Pandemic fears fueled emotional investment decisions
DEC. 09, 2020
We’re less than a month away from the end of an incredibly tumultuous year. While most people are ready to put 2020 in the rearview mirror, the stress and anxiety that investors experienced over the past nine months will likely remain front and center in the new year.
From an investment perspective, heightened emotions were reflected not only in spikes of volatility throughout the year but also in fund flows. Investors on a “flight to liquidity” in the spring sparked massive selling across nearly all risk assets. One survey showed that 18% of investors sold the entirety of their equity holdings between February and May, including nearly one-third of investors over the age of 65.
But as markets rapidly recovered, investors on the sidelines were whipsawed and have only recently returned to stocks, just as markets have reached record highs. Global equity funds attracted a record $115 billion in the last four weeks. That’s a clear reminder not only of the penalty for trading on emotion, but the price investors pay for trying to time the market as the chart on the following page illustrates.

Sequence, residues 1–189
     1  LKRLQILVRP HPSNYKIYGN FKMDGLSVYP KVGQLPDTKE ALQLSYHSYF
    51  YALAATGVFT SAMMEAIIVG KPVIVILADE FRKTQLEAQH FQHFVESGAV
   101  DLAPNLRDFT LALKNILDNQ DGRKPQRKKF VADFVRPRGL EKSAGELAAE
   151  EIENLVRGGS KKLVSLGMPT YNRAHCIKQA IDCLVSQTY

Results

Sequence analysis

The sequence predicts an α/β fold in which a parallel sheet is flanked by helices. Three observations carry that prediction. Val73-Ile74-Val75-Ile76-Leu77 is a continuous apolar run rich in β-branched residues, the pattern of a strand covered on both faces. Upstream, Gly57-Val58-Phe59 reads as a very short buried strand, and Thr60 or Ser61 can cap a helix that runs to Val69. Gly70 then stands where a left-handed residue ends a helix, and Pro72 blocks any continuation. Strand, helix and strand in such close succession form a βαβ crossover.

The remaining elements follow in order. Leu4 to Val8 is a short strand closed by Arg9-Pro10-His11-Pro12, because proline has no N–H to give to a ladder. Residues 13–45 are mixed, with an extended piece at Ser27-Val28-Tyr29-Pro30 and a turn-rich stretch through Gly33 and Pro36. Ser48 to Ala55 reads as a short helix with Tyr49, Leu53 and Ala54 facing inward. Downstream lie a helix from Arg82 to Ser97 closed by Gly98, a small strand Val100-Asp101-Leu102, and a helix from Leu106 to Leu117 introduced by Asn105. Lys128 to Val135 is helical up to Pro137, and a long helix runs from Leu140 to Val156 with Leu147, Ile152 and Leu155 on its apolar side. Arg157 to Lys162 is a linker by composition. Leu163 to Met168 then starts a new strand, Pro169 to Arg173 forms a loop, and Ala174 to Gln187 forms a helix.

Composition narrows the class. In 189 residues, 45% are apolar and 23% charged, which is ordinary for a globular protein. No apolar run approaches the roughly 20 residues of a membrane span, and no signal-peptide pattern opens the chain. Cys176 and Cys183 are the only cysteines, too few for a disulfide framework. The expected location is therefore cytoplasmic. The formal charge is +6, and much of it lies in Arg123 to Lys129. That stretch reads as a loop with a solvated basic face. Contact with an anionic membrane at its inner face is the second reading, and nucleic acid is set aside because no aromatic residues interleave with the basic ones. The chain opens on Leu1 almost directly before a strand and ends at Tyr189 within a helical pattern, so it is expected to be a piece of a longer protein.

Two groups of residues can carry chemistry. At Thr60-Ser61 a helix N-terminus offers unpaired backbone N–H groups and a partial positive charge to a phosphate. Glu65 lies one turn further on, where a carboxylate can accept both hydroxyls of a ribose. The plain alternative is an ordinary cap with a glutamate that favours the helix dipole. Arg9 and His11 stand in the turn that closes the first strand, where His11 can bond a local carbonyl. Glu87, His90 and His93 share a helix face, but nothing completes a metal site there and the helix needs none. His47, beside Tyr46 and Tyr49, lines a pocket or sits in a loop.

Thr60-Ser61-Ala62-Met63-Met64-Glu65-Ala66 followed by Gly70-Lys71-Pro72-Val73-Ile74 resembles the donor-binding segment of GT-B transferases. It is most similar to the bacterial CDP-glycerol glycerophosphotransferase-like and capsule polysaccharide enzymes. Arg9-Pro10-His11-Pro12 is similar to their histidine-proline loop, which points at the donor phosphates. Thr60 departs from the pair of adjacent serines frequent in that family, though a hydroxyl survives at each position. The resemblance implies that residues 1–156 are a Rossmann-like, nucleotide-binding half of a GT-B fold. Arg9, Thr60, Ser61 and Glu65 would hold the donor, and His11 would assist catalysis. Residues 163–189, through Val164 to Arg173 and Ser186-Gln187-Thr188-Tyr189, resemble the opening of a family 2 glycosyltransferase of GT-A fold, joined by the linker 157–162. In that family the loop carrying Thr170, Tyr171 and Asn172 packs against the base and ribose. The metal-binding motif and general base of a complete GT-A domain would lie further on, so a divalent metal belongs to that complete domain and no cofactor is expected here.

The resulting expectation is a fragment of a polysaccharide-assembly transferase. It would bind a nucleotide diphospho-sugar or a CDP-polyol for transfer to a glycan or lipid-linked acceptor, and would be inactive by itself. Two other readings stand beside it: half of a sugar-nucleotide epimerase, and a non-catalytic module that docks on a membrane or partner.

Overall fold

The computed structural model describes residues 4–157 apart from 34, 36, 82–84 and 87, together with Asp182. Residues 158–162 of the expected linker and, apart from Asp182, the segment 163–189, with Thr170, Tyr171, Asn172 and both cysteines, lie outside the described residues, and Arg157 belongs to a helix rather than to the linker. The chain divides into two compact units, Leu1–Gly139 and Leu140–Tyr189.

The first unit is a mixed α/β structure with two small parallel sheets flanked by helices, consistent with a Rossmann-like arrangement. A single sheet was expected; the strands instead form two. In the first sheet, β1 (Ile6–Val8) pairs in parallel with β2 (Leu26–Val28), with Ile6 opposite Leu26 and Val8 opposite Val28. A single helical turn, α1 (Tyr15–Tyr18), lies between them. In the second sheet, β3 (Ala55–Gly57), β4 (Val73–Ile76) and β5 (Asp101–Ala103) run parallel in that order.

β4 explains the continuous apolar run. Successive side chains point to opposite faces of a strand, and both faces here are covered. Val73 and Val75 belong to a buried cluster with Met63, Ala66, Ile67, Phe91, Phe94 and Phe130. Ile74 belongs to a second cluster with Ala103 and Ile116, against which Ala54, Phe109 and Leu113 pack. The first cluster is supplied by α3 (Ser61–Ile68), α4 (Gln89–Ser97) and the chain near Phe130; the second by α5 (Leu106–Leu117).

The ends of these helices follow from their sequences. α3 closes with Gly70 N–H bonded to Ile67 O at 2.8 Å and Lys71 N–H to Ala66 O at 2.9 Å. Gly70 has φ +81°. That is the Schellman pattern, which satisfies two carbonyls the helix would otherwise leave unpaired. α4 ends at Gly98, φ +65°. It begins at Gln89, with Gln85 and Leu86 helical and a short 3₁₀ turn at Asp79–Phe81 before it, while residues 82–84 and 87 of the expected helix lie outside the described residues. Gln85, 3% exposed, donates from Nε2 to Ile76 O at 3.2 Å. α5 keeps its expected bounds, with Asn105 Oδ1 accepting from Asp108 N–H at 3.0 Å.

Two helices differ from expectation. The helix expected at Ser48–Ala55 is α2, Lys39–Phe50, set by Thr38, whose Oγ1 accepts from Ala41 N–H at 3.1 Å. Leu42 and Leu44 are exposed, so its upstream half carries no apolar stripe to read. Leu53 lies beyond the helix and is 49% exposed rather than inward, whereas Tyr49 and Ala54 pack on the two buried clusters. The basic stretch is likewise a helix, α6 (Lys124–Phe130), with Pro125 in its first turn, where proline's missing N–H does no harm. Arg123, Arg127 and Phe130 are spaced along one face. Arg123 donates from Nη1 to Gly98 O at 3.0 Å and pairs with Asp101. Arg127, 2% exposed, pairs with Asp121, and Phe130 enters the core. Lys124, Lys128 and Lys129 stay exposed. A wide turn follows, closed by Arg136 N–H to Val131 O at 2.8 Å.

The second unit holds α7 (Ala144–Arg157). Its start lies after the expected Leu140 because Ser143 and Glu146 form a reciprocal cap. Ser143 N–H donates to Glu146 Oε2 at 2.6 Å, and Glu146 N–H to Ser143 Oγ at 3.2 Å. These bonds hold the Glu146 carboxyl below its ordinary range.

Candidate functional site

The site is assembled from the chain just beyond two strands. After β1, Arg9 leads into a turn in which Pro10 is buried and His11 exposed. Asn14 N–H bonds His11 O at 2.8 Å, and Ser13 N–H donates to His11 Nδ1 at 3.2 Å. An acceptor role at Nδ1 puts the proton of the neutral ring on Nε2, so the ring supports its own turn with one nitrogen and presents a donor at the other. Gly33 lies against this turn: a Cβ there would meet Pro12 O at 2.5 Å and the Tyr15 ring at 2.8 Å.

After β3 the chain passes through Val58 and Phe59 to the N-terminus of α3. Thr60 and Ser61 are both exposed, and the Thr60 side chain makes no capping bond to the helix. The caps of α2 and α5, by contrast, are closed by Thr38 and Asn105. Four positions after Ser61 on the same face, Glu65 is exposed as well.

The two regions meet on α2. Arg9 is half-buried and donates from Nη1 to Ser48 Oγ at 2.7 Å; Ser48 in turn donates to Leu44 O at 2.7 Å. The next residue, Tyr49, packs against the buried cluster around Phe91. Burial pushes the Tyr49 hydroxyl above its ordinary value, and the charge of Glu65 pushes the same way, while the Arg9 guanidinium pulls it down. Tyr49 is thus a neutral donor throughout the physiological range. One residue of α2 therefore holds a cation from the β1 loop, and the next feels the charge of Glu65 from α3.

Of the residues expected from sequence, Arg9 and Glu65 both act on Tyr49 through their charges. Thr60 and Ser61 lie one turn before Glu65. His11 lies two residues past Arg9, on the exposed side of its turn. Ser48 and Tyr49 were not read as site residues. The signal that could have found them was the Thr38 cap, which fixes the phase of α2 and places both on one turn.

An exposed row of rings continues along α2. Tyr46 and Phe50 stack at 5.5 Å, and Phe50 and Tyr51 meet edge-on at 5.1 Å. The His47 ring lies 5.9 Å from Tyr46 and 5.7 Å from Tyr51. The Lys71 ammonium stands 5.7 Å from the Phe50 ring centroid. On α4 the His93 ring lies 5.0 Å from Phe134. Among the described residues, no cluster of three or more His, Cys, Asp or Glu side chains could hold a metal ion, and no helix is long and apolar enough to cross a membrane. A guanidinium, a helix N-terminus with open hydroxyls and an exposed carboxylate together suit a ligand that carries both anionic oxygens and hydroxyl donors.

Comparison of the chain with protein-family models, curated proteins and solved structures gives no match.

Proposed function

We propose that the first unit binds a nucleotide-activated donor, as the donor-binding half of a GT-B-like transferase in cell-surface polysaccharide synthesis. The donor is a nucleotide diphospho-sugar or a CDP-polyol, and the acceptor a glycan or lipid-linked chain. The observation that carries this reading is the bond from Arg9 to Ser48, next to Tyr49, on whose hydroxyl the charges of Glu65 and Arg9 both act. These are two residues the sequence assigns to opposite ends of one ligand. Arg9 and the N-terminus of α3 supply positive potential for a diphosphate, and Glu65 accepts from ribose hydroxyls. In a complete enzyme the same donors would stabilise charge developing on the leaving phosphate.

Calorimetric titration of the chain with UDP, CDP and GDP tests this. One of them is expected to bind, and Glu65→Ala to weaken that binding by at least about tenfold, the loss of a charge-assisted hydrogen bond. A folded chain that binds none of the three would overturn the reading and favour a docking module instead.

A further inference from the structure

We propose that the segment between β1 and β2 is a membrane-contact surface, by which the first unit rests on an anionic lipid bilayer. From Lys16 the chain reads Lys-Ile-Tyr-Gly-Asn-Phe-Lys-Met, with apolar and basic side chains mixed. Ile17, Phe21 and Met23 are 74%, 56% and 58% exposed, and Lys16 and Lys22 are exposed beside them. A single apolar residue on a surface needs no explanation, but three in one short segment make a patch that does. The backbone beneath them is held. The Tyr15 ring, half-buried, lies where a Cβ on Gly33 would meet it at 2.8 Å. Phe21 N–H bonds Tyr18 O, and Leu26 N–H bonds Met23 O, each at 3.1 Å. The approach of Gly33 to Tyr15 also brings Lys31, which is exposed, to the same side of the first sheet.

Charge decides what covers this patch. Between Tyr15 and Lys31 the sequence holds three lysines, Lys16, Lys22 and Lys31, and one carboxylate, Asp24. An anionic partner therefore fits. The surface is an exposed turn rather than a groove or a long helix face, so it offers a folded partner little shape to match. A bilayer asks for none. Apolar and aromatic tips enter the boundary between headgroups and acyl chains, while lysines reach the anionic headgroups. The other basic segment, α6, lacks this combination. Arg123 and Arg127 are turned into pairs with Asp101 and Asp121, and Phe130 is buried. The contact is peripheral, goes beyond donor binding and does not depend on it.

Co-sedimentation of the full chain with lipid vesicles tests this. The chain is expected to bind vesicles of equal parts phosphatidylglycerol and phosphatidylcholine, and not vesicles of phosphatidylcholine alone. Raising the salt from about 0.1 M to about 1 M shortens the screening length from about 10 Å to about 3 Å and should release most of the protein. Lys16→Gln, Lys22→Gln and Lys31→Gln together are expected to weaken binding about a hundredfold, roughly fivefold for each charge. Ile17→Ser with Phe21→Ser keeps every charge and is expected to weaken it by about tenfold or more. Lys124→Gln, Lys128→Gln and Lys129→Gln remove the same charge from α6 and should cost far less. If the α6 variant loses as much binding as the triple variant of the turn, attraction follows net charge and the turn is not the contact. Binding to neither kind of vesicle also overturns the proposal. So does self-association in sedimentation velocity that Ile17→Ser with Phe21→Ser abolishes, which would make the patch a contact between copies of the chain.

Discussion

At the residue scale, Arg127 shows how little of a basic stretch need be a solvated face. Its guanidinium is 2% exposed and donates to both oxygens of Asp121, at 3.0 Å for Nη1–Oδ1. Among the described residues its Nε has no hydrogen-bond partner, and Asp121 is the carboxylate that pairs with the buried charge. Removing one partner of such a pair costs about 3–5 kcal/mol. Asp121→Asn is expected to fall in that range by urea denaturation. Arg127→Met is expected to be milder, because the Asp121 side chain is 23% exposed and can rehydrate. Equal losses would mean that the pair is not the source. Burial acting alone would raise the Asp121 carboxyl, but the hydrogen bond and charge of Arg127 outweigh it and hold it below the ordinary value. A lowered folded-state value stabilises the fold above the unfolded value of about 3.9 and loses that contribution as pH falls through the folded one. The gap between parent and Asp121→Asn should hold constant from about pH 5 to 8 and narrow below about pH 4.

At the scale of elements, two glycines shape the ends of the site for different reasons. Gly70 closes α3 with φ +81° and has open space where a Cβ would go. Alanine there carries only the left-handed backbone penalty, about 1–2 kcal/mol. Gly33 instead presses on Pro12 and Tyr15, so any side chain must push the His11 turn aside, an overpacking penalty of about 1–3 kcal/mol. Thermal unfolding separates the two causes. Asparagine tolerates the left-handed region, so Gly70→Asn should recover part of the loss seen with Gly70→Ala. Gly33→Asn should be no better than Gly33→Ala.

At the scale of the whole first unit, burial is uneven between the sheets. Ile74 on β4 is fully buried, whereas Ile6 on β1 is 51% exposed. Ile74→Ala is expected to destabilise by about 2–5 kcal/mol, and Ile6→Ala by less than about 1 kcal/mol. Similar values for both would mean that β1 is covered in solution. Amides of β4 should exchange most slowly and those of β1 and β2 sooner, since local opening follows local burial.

A July 2020 survey of financial concerns among U.S. adults reveals the fear that drove this emotional behavior. Topping the list of concerns was “performance or stability of my investments,” accounting for 35% of survey respondents. Despite high unemployment and economic uncertainty, investment worries eclipsed concerns about the ability to cover day-to-day expenses and pay rent. This survey reflects the stress that investors place on their portfolios and is a key factor in the tendency to buy and sell on emotion.
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